Why we're in 'Tom and Jerry' market

Janet Yellen's latest speech put caution above the future upward path of interest rates. Coupled with the most recent FOMC 'dot plot' release, they are timely reminders of just what a cat and mouse game central bankers and investors indulge in.

Until very recently, the game seemed to have been put on hold as investors and the Federal Reserve fundamentally disagreed on the future path of interest rates. The mouse (the market) has been taking little notice of the cat (the Fed). However after the recent surprise announcement from the Federal Open Market Committee (FOMC), that may be about to change.

The most transparent communication tool the FOMC has – the "dot plot" of anonymous interest rate projections by the individual committee members – showed a big downward revision to median projections for this year and further ahead.

Federal Reserve Chair Janet Yellen
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Federal Reserve Chair Janet Yellen

But given that market pricing and the dots started so far apart, it's worth considering why the game of cat and mouse broke down. In order to do so we need to remind ourselves of how investors form expectations in general, and for central bank rates in particular.

Crudely, investors must base expectations on relationships between various prices and underlying data. Few if any of these relationships are easy to pin down, so markets incorporate uncertainty and take guidance from relevant institutions. For central banks, this translates into being transparent about their reaction function. We also get guidance from institutions on the underlying data, for example guidance on earnings from companies or macroeconomic forecasts from central banks.

However, markets frequently price in different outcomes from the guidance they are given. They may have a different take on the underlying data or believe the relationship behaves differently, or both. But the more investors disagree with the guidance the less attention they pay to it, so the guidance loses the ability to affect market prices.

That appears to be the situation the Fed has been in – investors completely ignoring the guidance from the dots in forming expectations for future rates. The mouse was not bothered about the cat.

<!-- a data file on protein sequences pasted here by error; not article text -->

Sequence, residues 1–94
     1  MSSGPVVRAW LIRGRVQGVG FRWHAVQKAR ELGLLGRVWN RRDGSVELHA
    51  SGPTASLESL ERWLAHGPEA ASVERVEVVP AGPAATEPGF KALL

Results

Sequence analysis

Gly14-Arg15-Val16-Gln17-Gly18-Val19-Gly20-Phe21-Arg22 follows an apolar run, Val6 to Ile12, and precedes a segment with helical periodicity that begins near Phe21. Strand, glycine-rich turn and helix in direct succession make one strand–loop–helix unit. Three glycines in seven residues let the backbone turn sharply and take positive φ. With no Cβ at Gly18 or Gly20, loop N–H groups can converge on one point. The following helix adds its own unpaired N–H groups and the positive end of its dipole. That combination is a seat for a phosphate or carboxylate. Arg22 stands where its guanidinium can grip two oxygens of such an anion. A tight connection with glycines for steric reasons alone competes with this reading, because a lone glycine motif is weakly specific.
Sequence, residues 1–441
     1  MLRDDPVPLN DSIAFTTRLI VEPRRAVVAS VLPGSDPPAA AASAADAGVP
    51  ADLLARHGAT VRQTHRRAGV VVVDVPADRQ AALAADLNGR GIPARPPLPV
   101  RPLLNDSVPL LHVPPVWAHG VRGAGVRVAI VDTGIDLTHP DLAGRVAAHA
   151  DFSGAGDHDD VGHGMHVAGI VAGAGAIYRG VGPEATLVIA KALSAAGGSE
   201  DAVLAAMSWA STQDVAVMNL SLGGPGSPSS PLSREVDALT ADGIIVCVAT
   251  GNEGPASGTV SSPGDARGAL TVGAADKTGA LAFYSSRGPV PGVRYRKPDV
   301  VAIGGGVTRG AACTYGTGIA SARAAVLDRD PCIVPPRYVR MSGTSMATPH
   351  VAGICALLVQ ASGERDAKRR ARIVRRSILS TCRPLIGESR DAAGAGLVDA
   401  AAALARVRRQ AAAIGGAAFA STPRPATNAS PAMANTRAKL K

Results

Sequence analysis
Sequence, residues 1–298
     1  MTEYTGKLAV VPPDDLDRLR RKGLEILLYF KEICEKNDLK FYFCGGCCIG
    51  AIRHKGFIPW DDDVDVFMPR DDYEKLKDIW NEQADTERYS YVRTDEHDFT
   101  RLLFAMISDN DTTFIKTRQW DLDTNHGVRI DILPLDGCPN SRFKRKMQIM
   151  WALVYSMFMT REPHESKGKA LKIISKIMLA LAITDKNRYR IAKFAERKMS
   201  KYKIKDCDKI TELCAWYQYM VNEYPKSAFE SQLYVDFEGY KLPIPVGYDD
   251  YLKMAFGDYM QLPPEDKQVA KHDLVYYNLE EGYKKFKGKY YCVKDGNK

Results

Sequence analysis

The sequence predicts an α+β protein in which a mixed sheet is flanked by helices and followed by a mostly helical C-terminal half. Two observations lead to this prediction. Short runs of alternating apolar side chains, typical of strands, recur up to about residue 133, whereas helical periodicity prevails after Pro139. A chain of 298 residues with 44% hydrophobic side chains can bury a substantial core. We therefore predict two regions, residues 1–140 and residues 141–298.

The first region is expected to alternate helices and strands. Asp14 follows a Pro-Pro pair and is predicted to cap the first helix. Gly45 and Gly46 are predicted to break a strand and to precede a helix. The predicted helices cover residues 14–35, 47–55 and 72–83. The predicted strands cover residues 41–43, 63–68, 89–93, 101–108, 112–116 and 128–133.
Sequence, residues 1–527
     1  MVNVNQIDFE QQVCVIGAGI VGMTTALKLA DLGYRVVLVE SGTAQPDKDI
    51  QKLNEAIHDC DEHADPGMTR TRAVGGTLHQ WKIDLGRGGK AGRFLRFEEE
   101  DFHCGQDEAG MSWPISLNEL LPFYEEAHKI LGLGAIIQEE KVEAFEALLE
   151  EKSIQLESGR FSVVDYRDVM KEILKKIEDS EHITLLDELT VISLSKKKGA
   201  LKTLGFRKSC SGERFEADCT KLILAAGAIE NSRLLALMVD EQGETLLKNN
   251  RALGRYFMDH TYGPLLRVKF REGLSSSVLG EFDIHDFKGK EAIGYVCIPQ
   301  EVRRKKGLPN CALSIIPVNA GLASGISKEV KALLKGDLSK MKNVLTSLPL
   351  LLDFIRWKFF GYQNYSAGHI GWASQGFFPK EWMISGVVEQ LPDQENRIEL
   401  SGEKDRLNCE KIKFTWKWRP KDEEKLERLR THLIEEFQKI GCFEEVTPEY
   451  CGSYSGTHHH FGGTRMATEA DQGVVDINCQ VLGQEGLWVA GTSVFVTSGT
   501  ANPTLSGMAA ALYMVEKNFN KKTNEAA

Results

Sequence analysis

Despite what the Fed was saying, investors refused to price in more hikes as financial conditions tightened in the U.S. and abroad. Market prices consequently settled well below the dots, in search of some kind of equilibrium between the FOMC's desire to tighten and financial conditions' rapid reaction. However, there was a high degree of uncertainty in these markets, as they had little useful guidance from the Fed to use as a reference point. The dots were just too far from the market to be informative. Disbelief ensued.

So where does the latest decision fit in? Well, the Fed needed to jolt things back into kilter. It appears to have done just that.

The dot path was lowered considerably, and the median dot now suggests two rate hikes in 2016. This change in guidance gives investors a reference point, which could allow expectations to latch on to the Fed's projections. As a result, market pricing could even end up higher despite the large shift in thinking from the FOMC. The cat is back to trying to push the mouse around.

However, while the latest guidance is a far better anchor, it is also giving the market a new upper bound for interest rates. After all, the Fed has shown a tendency to be too optimistic in its forecasts over the past few years. And the lack of scope to reverse course creates an asymmetry in policy setting for the Fed, meaning they will be keen to avoid tightening more than they have suggested.

Conversely, given that less tightening than suggested is not such an issue, as it would not be a major shock to markets or difficult to reverse, it is still quite possible that we get one or no hikes in 2016. Current market pricing reflects this, with the Fed Funds rate path still materially below the dots.

Armed with knowledge of this new 'upper bound', the big question that we are asking ourselves is: has the risk of fewer than two hikes increased? As far as we can see, not by that much.

So now that the Fed has revised down their rate hike projections to something realistic, there's a very real possibility that investors actually believe them. The result: a convergence of opinions as to the number of rate hikes this year, with two being the magic number. Cat and mouse is back on.

Commentary by Thomas Laskey, investment manager of fixed income EMEA at Aberdeen Asset Management.

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